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What Do CASA Volunteers Do?
CASA Volunteers advocate for children when:
  • The Court needs specific information or a child would benefit from an independent investigation in order to make a decision regarding the child’s welfare.
  • There is an unnecessary delay in achieving family reunification, legal guardianship, adoption, or emancipation.
  • The child has a specific unmet need and requires advocacy to obtain educational, medical, or other services, except for the need for a mentor, big brother/sister, or special friend.
CASA volunteers talk with social workers, family members, caregivers, teachers, doctors, therapists, attorneys - anyone who knows the child and can provide information about the child's needs. CASA volunteers evaluate circumstances, investigate resources, look for community resources, and visit the child regularly and frequently. CASA volunteers spend, on average, 5-6 hours per week on a case.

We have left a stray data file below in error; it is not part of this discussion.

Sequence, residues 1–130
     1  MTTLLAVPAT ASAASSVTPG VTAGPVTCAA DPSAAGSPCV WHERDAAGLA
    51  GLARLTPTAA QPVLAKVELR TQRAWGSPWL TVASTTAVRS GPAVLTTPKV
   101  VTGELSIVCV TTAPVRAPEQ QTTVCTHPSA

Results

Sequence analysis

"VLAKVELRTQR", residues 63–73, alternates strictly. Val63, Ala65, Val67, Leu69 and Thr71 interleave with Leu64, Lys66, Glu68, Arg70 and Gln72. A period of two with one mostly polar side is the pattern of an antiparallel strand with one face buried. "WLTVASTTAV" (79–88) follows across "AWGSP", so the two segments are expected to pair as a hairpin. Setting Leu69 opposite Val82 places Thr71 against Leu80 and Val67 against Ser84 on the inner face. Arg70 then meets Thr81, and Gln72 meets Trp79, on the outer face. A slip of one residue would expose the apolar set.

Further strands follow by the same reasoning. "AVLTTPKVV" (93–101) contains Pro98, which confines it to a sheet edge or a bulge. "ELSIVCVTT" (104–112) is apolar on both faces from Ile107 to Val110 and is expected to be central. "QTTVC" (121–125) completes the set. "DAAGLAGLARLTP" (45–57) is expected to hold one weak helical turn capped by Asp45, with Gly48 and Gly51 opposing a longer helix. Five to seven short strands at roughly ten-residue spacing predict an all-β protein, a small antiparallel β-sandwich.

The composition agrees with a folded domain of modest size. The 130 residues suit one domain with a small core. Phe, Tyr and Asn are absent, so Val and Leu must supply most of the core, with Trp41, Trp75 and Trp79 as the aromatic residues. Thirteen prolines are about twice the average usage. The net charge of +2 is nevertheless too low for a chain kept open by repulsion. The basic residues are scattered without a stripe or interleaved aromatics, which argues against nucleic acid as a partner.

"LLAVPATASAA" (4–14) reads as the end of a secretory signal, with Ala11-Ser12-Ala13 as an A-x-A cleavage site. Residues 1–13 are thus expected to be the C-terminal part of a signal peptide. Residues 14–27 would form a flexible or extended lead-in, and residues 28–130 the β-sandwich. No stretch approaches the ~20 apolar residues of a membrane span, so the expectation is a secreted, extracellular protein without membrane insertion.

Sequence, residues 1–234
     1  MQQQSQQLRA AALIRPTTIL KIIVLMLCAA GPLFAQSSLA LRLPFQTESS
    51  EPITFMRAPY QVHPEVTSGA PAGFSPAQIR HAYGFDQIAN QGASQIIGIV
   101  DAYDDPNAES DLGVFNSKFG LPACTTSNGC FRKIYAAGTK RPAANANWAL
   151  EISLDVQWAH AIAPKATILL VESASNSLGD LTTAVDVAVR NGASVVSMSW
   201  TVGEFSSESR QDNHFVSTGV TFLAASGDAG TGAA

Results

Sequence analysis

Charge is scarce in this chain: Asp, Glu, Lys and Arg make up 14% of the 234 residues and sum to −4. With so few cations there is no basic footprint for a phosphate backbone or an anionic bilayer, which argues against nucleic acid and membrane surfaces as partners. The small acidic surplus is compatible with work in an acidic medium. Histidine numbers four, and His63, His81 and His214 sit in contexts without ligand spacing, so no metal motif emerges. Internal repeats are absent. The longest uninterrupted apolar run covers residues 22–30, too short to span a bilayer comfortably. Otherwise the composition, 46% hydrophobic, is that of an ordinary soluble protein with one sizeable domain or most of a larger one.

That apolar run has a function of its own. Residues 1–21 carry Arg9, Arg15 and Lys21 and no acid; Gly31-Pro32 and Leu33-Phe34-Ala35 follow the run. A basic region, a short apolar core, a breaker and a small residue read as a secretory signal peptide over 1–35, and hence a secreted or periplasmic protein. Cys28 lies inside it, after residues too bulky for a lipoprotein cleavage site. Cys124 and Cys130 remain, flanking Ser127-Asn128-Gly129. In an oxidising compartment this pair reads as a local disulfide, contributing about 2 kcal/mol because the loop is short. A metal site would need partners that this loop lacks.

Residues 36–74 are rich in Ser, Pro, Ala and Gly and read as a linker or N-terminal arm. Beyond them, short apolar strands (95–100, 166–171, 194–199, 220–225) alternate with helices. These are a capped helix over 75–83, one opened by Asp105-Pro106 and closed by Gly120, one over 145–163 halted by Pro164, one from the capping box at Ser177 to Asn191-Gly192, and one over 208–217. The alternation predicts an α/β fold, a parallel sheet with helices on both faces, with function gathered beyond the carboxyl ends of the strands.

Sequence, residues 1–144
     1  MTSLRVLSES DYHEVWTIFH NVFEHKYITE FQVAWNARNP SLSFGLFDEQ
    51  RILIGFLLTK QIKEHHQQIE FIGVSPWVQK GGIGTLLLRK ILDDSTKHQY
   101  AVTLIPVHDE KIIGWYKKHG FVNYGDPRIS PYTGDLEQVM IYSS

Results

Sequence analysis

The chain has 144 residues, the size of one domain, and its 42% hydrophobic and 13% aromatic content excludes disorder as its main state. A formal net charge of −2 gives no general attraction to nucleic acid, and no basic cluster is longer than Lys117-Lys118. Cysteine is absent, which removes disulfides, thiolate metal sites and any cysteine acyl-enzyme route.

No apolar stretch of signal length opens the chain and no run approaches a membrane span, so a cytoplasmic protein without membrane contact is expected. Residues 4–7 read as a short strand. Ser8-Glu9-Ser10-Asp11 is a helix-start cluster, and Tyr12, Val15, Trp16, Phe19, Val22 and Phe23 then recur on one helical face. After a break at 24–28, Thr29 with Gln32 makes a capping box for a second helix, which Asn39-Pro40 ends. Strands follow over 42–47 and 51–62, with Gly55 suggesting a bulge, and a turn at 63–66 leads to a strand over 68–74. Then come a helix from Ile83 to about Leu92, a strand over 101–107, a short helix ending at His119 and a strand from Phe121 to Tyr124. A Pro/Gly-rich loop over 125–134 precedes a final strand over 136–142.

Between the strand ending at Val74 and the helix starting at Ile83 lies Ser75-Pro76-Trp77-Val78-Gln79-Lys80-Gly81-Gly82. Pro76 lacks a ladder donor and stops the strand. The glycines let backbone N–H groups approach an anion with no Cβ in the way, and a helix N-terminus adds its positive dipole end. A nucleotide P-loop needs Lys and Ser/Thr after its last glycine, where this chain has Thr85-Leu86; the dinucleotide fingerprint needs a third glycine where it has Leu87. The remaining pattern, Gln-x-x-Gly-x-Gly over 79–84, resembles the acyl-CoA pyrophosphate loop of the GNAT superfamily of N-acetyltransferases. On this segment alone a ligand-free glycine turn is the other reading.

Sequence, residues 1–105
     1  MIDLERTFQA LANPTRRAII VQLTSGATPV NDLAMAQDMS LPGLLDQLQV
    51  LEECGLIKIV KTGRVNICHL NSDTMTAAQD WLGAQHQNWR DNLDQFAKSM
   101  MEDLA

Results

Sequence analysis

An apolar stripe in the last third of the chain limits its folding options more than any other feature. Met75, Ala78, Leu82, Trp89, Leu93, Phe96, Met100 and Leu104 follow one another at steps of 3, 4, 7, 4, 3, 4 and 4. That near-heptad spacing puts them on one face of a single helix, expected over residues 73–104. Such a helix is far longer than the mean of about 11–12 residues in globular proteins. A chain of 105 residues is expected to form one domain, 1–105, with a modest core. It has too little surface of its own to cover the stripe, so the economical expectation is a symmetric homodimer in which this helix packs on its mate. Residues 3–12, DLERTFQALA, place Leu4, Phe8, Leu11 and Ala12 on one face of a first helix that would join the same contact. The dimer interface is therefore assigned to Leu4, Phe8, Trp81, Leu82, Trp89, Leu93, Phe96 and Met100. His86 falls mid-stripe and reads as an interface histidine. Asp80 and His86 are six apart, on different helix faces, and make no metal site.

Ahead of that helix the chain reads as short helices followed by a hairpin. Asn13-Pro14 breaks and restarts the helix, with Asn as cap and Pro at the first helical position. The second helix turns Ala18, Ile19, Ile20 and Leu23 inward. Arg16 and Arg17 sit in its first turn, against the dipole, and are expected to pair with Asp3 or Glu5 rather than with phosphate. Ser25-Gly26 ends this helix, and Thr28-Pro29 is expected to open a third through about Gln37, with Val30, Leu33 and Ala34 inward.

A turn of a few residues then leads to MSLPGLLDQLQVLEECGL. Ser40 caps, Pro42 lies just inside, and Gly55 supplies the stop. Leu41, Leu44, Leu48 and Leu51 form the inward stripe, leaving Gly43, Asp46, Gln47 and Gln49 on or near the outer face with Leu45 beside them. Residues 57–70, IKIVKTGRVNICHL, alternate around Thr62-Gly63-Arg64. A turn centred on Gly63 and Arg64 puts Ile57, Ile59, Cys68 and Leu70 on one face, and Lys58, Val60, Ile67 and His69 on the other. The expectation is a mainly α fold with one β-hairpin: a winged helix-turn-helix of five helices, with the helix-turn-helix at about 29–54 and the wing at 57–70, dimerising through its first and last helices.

CASA volunteers present information they have gathered to the judge hearing the child's case via a written report that describes the child's situation and makes recommendations in the child’s best interests. For busy judges hearing 35 to 45 cases a day, CASA reports are an important source of information needed to make good decisions about a child's future.
Art Showcased in
Los Angeles Courthouse Jury Rooms
Artwork
"Floating Ladies" by Nancy Artis
2006 – 2nd Place Professional

National Arts Program - Logo

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